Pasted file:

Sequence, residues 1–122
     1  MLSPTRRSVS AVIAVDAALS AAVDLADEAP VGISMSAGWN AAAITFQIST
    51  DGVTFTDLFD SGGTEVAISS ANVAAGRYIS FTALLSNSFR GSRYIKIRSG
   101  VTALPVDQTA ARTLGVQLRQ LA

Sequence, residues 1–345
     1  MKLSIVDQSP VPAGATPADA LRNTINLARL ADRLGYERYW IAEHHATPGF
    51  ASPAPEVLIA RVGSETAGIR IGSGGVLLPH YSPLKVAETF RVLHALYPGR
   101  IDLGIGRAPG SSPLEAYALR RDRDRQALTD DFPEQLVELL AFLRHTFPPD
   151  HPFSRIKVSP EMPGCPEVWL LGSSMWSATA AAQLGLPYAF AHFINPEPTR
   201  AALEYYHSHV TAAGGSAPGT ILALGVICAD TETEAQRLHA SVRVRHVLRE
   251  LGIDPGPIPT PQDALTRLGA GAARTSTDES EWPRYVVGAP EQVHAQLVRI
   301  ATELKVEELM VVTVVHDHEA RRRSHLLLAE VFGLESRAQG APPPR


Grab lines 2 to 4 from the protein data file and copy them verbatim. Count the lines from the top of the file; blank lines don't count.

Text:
     1  MLSPTRRSVS AVIAVDAALS AAVDLADEAP VGISMSAGWN AAAITFQIST
    51  DGVTFTDLFD SGGTEVAISS ANVAAGRYIS FTALLSNSFR GSRYIKIRSG
   101  VTALPVDQTA ARTLGVQLRQ LA